PubMed Abstract | CrossRef Full Text | Google Scholar

Pind, S. N., Nuoffer, C., McCaffery, J. M., Plutner, H., Davidson, H. W., Farquhar, M. G., et al. (1994). Rab1 and Ca2+ are required for the fusion of carrier vesicles mediating endoplasmic reticulum to Golgi transport. J. Cell Biol. 125, 239–252. doi: 10.1083/jcb.125.2.239

PubMed Abstract | CrossRef Full Text | Google Scholar

Plutner, H., Cox, A. D., Pind, S., Khosravi-Far, R., Bourne, J. R., Schwaninger, R., et al. (1991). Rab1b regulates vesicular transport between the endoplasmic reticulum and successive Golgi compartments. J. Cell Biol. 115, 31–43. doi: 10.1083/jcb.115.1.31

PubMed Abstract | CrossRef Full Text | Google Scholar

Richter-Landsberg, C., and Jastorff, B. (1986). The role of cAMP in nerve growth factor-promoted neurite outgrowth in PC12 cells. J. Cell Biol. 102, 821–829. doi: 10.1083/jcb.102.3.821

PubMed Abstract | CrossRef Full Text | Google Scholar

Rink, J., Ghigo, E., Kalaidzidis, Y., and Zerial, M. (2005). Rab conversion as a mechanism of progression from early to late endosomes. Cell 122, 735–749. doi: 10.1016/j.cell.2005.06.043

PubMed Abstract | CrossRef Full Text | Google Scholar

Romero, N., Dumur, C. I., Martinez, H., Garcia, I. A., Monetta, P. I., Sampieri, L., et al. (2013). Rab1b overexpression modifies Golgi size and gene expression in HeLa cells and modulates the thyrotrophin response in thyroid cells in culture. Mol. Biol. Cell 24, 617–632. doi: 10.1091/mbc.e12-07-0530

PubMed Abstract | CrossRef Full Text | Google Scholar

Rottger, S., White, J., Wandall, H. H., Olivo, J. C., Stark, A., Bennett, E. P., et al. (1998). Localization of three human polypeptide GalNAc-transferases in HeLa cells suggests initiation of O-linked glycosylation throughout the Golgi apparatus. J. Cell Sci. 111(Pt 1), 45–60. doi: 10.1242/jcs.111.1.45

CrossRef Full Text | Google Scholar

Saito, A., Hino, S., Murakami, T., Kanemoto, S., Kondo, S., Saitoh, M., et al. (2009). Regulation of endoplasmic reticulum stress response by a BBF2H7-mediated Sec23a pathway is essential for chondrogenesis. Nat. Cell Biol. 11, 1197–1204. doi: 10.1038/ncb1962

PubMed Abstract | CrossRef Full Text | Google Scholar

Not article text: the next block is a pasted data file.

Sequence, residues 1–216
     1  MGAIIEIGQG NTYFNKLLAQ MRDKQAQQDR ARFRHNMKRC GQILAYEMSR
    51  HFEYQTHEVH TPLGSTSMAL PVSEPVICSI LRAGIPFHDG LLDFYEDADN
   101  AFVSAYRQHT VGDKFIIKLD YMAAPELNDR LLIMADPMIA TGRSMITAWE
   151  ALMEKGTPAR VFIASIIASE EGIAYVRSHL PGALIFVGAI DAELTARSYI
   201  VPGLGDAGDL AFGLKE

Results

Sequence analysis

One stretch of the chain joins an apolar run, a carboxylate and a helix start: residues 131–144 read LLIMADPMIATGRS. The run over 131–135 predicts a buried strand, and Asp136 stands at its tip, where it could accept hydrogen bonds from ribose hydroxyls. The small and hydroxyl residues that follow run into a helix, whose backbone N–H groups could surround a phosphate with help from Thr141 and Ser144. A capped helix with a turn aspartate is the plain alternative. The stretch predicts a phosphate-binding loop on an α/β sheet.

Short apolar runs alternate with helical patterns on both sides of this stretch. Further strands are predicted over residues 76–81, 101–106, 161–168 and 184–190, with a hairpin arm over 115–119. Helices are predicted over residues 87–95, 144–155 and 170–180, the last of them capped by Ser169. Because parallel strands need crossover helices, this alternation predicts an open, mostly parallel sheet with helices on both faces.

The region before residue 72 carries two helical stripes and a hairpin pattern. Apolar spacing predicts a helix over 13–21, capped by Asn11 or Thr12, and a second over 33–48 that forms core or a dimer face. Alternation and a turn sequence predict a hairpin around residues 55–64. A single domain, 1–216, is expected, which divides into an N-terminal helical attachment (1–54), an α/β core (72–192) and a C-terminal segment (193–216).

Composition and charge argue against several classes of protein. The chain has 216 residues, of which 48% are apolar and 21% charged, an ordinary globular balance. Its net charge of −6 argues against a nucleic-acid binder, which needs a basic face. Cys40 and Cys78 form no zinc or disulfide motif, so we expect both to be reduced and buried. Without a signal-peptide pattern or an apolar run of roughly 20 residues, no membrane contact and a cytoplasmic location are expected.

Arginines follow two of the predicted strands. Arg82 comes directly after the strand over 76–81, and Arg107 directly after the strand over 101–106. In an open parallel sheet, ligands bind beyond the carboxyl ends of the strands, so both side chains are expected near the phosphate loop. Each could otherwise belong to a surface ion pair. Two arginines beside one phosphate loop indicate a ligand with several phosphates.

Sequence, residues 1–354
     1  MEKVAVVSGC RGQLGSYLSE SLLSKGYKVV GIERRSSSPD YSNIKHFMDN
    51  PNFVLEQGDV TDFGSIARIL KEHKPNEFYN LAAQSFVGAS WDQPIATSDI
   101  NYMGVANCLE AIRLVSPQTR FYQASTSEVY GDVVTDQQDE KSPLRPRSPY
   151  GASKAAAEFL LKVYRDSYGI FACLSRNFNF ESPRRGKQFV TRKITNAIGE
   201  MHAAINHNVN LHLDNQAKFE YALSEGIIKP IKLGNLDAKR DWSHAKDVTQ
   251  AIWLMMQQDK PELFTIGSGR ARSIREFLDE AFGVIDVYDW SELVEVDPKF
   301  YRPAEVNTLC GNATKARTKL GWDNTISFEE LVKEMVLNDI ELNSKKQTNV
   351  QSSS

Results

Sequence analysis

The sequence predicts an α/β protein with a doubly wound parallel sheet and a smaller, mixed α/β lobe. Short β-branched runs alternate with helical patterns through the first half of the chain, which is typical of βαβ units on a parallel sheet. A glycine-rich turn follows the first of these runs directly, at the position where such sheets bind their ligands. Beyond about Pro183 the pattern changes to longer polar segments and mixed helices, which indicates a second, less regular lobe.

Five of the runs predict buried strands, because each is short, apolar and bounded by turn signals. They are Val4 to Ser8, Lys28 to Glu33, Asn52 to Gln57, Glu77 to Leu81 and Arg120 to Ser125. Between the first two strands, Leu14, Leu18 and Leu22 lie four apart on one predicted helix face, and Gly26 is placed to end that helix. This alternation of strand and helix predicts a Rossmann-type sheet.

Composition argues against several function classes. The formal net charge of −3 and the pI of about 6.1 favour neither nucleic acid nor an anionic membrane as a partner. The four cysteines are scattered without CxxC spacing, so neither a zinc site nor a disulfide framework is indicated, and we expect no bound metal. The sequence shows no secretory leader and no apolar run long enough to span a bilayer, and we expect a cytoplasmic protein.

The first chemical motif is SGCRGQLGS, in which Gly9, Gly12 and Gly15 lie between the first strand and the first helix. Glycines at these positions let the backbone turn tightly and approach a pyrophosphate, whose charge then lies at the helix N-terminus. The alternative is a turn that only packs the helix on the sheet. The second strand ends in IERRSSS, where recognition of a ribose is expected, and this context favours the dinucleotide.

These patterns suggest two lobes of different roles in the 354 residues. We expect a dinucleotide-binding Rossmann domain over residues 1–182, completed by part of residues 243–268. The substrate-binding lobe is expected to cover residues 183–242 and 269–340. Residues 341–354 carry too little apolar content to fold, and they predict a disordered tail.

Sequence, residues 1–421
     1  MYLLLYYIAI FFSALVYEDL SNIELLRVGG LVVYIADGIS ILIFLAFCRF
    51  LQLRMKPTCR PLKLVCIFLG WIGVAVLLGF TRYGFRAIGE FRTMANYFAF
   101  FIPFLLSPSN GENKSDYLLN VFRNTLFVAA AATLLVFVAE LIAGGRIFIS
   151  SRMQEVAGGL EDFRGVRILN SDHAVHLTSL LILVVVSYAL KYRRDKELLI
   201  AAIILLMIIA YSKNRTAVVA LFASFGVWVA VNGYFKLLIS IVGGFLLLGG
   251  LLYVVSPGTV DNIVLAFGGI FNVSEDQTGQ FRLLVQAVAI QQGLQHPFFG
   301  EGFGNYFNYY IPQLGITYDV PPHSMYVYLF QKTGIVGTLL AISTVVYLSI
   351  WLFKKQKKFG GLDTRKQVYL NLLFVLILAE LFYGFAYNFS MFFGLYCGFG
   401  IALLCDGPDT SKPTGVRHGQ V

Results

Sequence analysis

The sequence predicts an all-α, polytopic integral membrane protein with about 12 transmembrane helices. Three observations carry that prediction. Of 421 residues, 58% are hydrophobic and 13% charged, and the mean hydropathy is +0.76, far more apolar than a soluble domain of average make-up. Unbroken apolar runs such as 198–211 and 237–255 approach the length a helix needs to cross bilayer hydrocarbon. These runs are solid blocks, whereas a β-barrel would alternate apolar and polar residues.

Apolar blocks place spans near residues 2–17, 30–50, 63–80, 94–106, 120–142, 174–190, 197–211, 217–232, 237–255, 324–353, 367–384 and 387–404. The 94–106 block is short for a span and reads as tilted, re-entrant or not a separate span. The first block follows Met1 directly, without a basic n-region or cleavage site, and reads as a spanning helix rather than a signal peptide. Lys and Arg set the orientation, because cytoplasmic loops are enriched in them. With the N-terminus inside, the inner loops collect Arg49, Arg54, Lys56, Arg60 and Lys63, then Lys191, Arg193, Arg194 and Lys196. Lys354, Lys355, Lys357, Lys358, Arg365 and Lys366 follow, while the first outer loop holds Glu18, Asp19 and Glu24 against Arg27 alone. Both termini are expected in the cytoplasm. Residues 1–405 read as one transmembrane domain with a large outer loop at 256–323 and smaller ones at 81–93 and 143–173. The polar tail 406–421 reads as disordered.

Saito, A., Kanemoto, S., Zhang, Y., Asada, R., Hino, K., and Imaizumi, K. (2014). Chondrocyte proliferation regulated by secreted luminal domain of ER stress transducer BBF2H7/CREB3L2. Mol. Cell 53, 127–139. doi: 10.1016/j.molcel.2013.11.008

PubMed Abstract | CrossRef Full Text | Google Scholar

Sampieri, L., Di Giusto, P., and Alvarez, C. (2019). CREB3 transcription factors: er-golgi stress transducers as hubs for cellular homeostasis. Front. Cell Dev. Biol. 7:123. doi: 10.3389/fcell.2019.00123

PubMed Abstract | CrossRef Full Text | Google Scholar

Sanchez, S., Jimenez, C., Carrera, A. C., Diaz-Nido, J., Avila, J., and Wandosell, F. (2004). A cAMP-activated pathway, including PKA and PI3K, regulates neuronal differentiation. Neurochem. Int. 44, 231–242. doi: 10.1016/s0197-0186(03)00150-5

CrossRef Full Text | Google Scholar

Schindelin, J., Arganda-Carreras, I., Frise, E., Kaynig, V., Longair, M., Pietzsch, T., et al. (2012). Fiji: an open-source platform for biological-image analysis. Nat. Methods 9, 676–682. doi: 10.1038/nmeth.2019

PubMed Abstract | CrossRef Full Text | Google Scholar

Seaborn, T., Ravni, A., Au, R., Chow, B. K., Fournier, A., Wurtz, O., et al. (2014). Induction of serpinb1a by PACAP or NGF is required for PC12 cells survival after serum withdrawal. J. Neurochem. 131, 21–32. doi: 10.1111/jnc.12780

PubMed Abstract | CrossRef Full Text | Google Scholar

Seamon, K. B., Padgett, W., and Daly, J. W. (1981). Forskolin: unique diterpene activator of adenylate cyclase in membranes and in intact cells. Proc. Natl. Acad. Sci. U.S.A. 78, 3363–3367. doi: 10.1073/pnas.78.6.3363

PubMed Abstract | CrossRef Full Text | Google Scholar

Sheng, M., and Greenberg, M. E. (1990). The regulation and function of c-fos and other immediate early genes in the nervous system. Neuron 4, 477–485. doi: 10.1016/0896-6273(90)90106-p

CrossRef Full Text | Google Scholar

Sholl, D. A. (1953). Dendritic organization in the neurons of the visual and motor cortices of the cat. J. Anatomy 87, 387–406.

Google Scholar

Siri, S. O., Rozes-Salvador, V., de la Villarmois, E. A., Ghersi, M. S., Quassollo, G., Perez, M. F., et al. (2020). Decrease of Rab11 prevents the correct dendritic arborization, synaptic plasticity and spatial memory formation. Biochim. Biophys. Acta Mol. Cell Res. 1867:118735. doi: 10.1016/j.bbamcr.2020.118735

PubMed Abstract | CrossRef Full Text | Google Scholar